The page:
Random Questions and Observations on Covid-19:
- Why are the results from Georgia and North Carolina so different? The two states have nearly identical populations — 10.6 million for Georgia versus 10.5 million for North Carolina, according to 2019 Census Bureau estimates — but have very different Covid-19 results so far. I’ve been watching this for a while, thinking the numbers might even out. They haven’t. As of today’s morning report from both states’ public health agencies, North Carolina has tested more than 50 percent more people than Georgia but found less than half as many “positives” as Georgia, and with only a fraction of the hospitalizations and deaths, as this table shows. The question is why. There are obviously a lot of variables at play, but the two states probably have a lot more in common than not. Based on news reports I’ve read, North Carolina Governor Roy Cooper, a Democrat, seems to have acted earlier than his Georgia counterpart, Republican Brian Kemp — but not that much earlier. We’re probably going to have to wait for the smoke to clear to develop a truly useful analysis of this, but these differences are worth keeping an eye on. It’d be interesting to see the AJC and the Charlotte Observer collaborate on a tick-tock plotting state and maybe major local actions across a timeline.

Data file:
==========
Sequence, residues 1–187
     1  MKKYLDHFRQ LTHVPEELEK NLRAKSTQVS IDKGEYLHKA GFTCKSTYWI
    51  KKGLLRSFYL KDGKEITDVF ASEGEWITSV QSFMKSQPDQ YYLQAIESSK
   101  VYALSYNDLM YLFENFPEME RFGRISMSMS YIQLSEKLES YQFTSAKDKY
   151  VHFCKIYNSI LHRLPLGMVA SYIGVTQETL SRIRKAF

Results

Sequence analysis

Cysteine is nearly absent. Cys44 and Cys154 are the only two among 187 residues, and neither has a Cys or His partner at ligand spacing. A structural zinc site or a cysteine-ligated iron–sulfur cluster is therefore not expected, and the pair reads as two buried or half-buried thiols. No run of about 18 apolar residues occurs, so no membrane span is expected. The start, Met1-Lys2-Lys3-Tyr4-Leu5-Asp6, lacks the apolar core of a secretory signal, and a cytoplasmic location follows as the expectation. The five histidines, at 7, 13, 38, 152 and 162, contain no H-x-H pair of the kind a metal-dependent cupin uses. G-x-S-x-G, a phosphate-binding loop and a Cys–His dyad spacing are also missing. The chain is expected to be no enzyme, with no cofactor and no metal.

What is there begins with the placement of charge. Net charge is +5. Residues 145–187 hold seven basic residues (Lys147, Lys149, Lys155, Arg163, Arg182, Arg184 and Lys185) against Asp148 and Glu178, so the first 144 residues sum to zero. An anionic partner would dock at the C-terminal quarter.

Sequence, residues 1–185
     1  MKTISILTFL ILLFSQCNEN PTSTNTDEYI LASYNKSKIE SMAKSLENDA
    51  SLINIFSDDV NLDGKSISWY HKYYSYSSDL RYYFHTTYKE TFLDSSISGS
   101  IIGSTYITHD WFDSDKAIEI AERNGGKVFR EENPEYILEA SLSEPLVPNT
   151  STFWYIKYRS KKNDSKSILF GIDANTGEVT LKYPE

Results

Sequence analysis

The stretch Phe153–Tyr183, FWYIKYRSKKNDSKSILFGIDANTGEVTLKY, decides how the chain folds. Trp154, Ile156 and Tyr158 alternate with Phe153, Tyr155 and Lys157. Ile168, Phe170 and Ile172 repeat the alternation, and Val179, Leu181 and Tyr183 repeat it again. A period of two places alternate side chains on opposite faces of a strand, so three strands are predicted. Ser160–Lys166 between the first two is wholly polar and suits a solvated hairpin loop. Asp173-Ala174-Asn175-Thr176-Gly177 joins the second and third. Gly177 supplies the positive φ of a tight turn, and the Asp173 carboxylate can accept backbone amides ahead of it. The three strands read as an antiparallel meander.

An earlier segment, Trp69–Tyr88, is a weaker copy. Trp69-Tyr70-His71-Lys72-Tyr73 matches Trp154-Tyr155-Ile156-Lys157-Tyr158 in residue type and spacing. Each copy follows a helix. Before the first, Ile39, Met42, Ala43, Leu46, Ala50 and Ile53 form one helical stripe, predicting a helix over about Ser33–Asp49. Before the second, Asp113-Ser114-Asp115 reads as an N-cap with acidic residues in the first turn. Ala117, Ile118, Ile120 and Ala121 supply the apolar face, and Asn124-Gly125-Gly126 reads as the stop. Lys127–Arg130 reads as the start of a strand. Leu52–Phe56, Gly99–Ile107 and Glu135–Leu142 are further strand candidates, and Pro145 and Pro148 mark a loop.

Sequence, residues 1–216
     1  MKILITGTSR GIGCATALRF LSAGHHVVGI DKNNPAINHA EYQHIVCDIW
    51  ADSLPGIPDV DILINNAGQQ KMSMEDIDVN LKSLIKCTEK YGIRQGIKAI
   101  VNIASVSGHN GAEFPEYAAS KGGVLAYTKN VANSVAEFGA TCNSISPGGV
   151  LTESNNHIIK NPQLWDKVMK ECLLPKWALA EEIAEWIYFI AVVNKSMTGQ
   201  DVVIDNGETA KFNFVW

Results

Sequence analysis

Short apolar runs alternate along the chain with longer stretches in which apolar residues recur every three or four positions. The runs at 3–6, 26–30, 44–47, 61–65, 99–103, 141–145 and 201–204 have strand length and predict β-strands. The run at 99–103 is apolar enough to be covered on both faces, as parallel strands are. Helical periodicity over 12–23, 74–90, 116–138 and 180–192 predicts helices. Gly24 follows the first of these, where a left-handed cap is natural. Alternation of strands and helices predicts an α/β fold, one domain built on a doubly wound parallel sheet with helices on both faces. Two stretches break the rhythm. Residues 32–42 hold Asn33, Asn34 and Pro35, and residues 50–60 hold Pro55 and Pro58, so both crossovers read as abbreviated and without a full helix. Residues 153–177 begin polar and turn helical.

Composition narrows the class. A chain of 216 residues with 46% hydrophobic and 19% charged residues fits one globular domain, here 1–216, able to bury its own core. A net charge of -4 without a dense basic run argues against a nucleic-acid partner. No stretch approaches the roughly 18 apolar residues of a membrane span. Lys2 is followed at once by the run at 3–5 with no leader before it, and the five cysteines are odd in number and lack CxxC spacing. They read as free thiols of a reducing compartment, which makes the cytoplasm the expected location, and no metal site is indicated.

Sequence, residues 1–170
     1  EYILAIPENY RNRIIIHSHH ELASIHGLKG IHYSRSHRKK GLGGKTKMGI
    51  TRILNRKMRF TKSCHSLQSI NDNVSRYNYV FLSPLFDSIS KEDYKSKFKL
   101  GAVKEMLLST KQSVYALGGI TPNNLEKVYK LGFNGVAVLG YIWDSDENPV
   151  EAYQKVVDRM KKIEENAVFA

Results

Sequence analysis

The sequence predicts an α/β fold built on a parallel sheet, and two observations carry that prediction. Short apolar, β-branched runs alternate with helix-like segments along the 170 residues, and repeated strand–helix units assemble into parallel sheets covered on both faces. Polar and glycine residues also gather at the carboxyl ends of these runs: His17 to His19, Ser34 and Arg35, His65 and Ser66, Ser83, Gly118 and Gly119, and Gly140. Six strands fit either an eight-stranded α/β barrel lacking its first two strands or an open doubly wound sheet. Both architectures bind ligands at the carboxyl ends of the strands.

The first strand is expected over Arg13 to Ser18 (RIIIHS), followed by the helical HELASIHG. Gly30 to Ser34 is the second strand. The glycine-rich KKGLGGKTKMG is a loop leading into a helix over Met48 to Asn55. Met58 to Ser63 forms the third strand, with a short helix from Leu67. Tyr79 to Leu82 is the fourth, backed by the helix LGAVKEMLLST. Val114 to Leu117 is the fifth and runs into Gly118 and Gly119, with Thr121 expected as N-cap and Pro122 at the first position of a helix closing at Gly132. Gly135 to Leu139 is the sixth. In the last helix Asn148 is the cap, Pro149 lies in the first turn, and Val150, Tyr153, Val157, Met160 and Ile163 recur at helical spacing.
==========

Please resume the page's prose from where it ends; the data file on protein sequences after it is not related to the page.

- Like Sherman, Covid-19 continues its march through Georgia. As of today’s late-morning report from the Georgia Department of Public Health, Covid-19 has now been found in 108 of Georgia’s 159 counties. As this map shows, the areas that have so far avoided reporting positive tests are almost entirely rural, including a swath of sparsely populated counties through east-central and southeast Georgia and another group of counties in west Georgia that somehow haven’t yet been pulled into the orbit of the Albany hot spot. While the bulk of the positive tests and deaths are in Metro Atlanta, the rate of infection and Covid-19 deaths is much higher in South Georgia, as the table below shows. Indeed, if you focus on Dougherty County and its six contiguous counties, the Covid-19 infection rate and death rate are, respectively, 6.7 times and 20 times that of TIGC’s Metro Atlanta region.